Man riding red motorcycle
Ducati Superleggera V4Courtesy Image

What It’s Like Riding Ducati’s New $100,000 Superleggera V4

In June 2020, Ducati delivered number 001/500 of the 2021 Superleggera V4—the Italian motorcycle manufacturer’s most expensive production road-legal sport bike yet—to its first customer (rumors point to Tom Cruise). Despite the very limited release, you may have already spotted this red and brawny, two-wheeled beast. It’s the one that Jason Statham recently rode onto The Expendables 4 production set. As Statham shared with his 29 million Instagram followers, the Superleggera V4 is “the only motorcycle in the world approved for road use with a carbon fibre frame, swing arm and rims!” Entry price tag: $100,000.

To bookend Superleggera’s legacy, Ducati North America CEO Jason Chinnock tells me the motorcycle brand will deliver number 500/500 this month to a customer in the U.S. “Ducati has planned something very special for #500,” says Chinnock. So when Ducati extended me an invitation to ride one, I was enthusiastic. Cruise. Statham. 100 grand worth of Ducati’s finest engineering and design capabilities. How could I refuse? As an exclusive to Men’s Journal, I was the only journalist to review the Ducati Superleggera V4 on legal roads (limited tests were done on a track) before the motorcycle was crated, shipped back to Italy and dismantled to preserve integrity of production.

2021 Red Ducati Superleggera V4 motorcycle parked on the road, side image
Casey Schneider

On an inhospitably cold morning, I suited up, rolled the Superleggera V4 down my driveway and, with a twist of the wrist, was headed south on Pacific Coast Highway in search of roads to test the ferocity of the Superleggera’s 998cc, liquid-cooled Desmosedici Stradale V4 motor.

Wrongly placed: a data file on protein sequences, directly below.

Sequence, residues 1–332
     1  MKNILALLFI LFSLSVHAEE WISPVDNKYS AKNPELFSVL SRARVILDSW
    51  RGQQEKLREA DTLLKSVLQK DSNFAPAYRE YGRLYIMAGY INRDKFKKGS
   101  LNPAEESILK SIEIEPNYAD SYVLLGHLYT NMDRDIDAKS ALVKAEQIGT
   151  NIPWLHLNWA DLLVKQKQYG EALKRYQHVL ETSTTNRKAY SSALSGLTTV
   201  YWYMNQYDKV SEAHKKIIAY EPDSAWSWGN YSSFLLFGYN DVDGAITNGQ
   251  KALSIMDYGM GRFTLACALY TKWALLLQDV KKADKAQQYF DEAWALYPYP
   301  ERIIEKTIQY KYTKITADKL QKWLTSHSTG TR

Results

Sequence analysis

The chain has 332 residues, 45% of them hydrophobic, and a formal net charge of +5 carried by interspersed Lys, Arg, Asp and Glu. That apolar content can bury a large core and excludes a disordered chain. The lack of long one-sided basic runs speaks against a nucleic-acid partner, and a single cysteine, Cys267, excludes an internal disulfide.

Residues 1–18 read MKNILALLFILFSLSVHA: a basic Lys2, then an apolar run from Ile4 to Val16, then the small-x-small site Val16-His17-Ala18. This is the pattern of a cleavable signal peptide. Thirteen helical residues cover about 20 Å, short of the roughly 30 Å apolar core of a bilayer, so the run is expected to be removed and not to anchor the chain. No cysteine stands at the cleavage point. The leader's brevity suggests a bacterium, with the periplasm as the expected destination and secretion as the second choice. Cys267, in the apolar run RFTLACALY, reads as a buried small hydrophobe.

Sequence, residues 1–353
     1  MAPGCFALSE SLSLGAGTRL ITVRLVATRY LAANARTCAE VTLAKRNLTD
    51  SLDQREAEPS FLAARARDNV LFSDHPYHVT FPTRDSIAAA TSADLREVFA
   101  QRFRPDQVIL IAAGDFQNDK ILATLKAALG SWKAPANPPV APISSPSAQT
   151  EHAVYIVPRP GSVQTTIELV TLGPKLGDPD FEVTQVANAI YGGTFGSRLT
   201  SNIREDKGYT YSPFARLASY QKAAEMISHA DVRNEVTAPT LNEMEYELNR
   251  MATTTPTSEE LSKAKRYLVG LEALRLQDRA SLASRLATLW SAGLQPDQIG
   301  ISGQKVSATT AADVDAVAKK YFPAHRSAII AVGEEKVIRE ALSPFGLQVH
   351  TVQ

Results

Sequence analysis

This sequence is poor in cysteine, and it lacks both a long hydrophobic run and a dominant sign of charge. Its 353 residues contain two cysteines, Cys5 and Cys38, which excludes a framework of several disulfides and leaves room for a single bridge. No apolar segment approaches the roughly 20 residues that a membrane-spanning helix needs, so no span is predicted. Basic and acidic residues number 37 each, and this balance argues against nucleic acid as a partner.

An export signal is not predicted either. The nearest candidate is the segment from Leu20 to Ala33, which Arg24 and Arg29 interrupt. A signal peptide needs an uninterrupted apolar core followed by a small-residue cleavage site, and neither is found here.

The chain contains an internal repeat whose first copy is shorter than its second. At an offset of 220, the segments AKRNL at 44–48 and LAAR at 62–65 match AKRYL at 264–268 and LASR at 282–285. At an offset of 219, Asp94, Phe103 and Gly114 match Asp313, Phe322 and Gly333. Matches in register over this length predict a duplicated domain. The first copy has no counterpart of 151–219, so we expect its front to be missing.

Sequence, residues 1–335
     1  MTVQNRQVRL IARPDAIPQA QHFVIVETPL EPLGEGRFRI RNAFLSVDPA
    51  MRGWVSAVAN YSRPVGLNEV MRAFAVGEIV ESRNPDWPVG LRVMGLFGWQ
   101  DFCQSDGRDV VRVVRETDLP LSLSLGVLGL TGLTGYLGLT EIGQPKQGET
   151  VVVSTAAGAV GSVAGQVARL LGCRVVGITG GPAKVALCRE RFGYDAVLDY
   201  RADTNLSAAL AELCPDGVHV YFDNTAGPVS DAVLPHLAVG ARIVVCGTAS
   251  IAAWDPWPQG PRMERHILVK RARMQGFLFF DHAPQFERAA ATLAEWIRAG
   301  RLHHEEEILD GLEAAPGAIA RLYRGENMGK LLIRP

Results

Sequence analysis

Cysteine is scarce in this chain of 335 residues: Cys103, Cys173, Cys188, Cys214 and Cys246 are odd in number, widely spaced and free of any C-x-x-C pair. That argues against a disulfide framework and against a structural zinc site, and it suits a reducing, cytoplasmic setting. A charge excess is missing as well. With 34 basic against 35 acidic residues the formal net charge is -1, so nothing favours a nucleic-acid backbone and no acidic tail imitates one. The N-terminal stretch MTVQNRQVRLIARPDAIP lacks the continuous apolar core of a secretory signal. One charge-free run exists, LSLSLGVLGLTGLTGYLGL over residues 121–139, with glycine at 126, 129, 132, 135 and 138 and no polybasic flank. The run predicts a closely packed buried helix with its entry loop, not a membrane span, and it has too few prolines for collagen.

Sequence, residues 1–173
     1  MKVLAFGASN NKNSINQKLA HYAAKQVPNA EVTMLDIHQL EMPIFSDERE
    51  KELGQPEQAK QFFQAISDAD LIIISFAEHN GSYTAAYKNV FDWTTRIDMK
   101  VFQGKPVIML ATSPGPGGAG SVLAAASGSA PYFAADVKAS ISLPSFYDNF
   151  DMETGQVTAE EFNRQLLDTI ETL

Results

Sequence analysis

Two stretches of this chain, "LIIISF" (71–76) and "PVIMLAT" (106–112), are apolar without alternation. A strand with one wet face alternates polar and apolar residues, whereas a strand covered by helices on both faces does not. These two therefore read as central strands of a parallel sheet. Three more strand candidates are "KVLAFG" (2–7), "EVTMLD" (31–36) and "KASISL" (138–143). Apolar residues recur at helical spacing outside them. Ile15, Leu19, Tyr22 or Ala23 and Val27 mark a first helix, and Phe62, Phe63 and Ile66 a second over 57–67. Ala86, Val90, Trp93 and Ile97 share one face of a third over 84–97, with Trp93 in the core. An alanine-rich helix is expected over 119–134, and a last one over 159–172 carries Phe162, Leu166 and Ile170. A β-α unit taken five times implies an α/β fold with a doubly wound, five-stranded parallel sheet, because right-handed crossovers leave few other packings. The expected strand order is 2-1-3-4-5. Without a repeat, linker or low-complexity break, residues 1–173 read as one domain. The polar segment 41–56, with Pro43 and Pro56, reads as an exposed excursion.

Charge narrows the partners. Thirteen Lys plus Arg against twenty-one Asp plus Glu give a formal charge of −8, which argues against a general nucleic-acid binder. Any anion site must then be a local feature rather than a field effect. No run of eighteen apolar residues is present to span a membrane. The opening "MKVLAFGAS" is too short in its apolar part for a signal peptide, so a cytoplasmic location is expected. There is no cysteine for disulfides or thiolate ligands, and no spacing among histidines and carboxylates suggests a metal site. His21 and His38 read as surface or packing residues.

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As befits the Italian translation of Superleggera—”super light”—the bike is fast and lofty. I was three clicks up and in the red when—clutch-shift-throttle-and-whammo—I felt the front wheel come off the ground. That was my first indication of the efficiency of Superleggera’s wings (read: downforce generating winglets) that cause the front wheel to remain close to the earth at audacious speeds. As the emanating motor-heat thawed my legs and torso, I found myself at the base of a twisty road that leads to Top of the World—Laguna Beach’s lookout point with payoff coastal views.

Fresh blasts of sage, bougainvillea, and sea salt rushed into my helmet and smacked me right in the cortex while the bike handled hard corners up the mountain. Like a ravenous cheetah closing in on its prey, the Superleggera V4 is intuitive, powerful and nimble, engineered to stabilize, steer, and maintain traction. But where a cheetah gasses after brief bursts of speed, the Superleggera is primed for so much more.

Rider on a 2021 Ducati Superleggera V4 motorcycle, riding up a hill on Pacific Coast Highway with California beach in the background
Casey Schneider

Powertrain

The 998cc, liquid-cooled Desmosedici Stradale V4 powering the Superleggera claims delivery of 234 horsepower (with racing kit). Even with standard 10 percent fall-off calcs, that’s more than 200 ponies at the rear wheel. The bike’s peak power is reached at 15,250 rpm and peak torque at 11,750 rpm—and this motor loves to rev. To commemorate each hand-built engine, there’s a placard on the cylinder head specifying the technician who set the valve clearances.